Incorporating FEA and simulation into the medical device development process requires careful planning and execution. Senior Design Engineer, Danny, shares some of the best practices for successful FEA and simulation in medical device development:
Finite Element Analysis (FEA) and simulation are powerful tools that have revolutionized the field of medical device development. They allow designers and engineers to simulate and optimize device performance under various conditions, reducing the need for costly and time-consuming physical testing. Here are some tips and best practices for incorporating FEA & Simulation into your medical device development:
Perform an Initial Hand Calculation:
An initial hand calculation is beneficial when trying to determine that your FEA setup is correct. For example, you have designed a safety cap for an auto-injector and estimated the removal force to be 15 Newtons. However, your FEA study shows 100 Newtons. As this is significantly different from the hand calculation, there may be an issue with the set up. Maybe the material properties are incorrect making the component much more rigid in the study? Or, it could highlight an issue with the design! Either way it’s good to be able to refer to a hand calculation as a benchmark to rule out any potential set-up errors and validate outcomes.
Simplify the Study:
Where possible it is beneficial to determine what areas of the design can be simplified or even removed from the study altogether. Although this takes some additional time during set up, the reduced computation time at the end more than makes up for it. Referring to our auto-injector example, if we wanted to test the firing mechanism, we may want to remove detailed features such as the grip indentations on the outer casing, or even the outer casing all together if it isn’t detrimental to the firing mechanism performance. The challenge with study simplification is to successfully determine what can be removed from the set up without impacting the results.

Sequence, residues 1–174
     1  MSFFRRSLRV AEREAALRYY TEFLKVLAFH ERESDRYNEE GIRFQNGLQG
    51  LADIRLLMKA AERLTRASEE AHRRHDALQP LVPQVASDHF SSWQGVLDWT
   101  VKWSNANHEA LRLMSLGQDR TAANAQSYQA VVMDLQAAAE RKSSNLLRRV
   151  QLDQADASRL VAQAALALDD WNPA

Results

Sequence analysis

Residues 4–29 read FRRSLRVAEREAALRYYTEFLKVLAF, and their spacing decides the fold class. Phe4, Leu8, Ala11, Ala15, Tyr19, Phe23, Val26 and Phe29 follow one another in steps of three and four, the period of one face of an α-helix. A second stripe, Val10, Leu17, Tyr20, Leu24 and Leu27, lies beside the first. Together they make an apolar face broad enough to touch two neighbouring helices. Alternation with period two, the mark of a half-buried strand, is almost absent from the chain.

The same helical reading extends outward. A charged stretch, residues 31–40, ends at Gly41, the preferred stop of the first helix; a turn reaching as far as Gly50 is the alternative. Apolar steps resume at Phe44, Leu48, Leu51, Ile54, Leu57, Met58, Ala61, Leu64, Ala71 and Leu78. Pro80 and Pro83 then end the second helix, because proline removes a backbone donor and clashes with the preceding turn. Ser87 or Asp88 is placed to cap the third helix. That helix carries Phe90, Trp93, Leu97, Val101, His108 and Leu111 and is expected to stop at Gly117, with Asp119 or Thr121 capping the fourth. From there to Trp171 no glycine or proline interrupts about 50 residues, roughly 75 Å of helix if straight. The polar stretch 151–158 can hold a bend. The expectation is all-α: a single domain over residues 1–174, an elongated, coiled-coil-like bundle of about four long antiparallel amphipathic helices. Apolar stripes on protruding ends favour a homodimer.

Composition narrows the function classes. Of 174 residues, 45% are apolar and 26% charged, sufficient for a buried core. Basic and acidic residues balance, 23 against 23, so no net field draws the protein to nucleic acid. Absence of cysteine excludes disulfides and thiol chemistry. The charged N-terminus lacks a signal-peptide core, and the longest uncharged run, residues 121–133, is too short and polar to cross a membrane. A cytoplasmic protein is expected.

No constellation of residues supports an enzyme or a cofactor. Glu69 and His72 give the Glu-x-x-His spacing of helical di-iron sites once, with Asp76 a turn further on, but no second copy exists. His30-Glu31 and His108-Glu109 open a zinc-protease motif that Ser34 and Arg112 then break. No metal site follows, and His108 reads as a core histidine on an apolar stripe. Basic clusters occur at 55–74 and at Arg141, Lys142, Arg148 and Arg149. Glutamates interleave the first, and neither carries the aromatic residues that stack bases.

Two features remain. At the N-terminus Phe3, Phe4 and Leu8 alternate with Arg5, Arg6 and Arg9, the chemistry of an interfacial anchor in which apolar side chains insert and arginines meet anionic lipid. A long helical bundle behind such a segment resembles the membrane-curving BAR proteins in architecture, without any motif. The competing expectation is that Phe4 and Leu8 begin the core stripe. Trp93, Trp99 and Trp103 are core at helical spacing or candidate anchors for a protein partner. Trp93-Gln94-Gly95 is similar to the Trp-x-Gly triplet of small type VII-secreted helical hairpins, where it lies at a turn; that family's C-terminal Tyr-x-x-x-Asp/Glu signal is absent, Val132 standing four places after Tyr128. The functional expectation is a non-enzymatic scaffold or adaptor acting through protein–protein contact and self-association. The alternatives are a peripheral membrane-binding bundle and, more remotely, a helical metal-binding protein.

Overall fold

Validate Simulation Results with Experimental Data:
Validation of simulation results with experimental data is critical to ensure that the simulation accurately reflects the real-world behaviour of the medical device. A typical example of experimental data would be Instead of setting up the full assembly from the start, to isolate components and test incrementally and ensure you are getting the expected results. This forms the basis of your experimental data. Following this you can build up the complexity of the study by adding more components and re-running the analysis. Going back to our auto injector example, if you wanted to determine the amount of stress caused from the activation of the spring, you could initially apply the force to just the spring housing. If this looks representative, you can then add the outer casing to the set up and re-run the study. This would then show how the force transfers through the spring housing as well as the outer case. This gives you confidence that the study is representative to real world scenarios but also allows you to isolate and resolve set up issues as you build up the complexity of the analysis.
Integrate FEA and Simulation into Design Verification and Validation:
Integrating FEA and simulation into the overall design verification and validation process can be critical to ensure that the medical device meets the desired performance and safety requirements, as it may highlight issues that are not visible through physical testing alone. Simulation can be used to verify the design and validate it against the desired outcomes. By integrating FEA and simulation into the design verification and validation process, medical device developers can reduce the need for iterative physical testing, reduce the risk of failures, and accelerate time to market.
FEA and simulation have become essential tools in medical device development, providing a faster, more accurate, and more cost-effective approach to device design and optimization. By following these best practices, you can maximize the benefits of FEA and simulation, ensuring that the medical device meets the desired performance, safety, and regulatory requirements.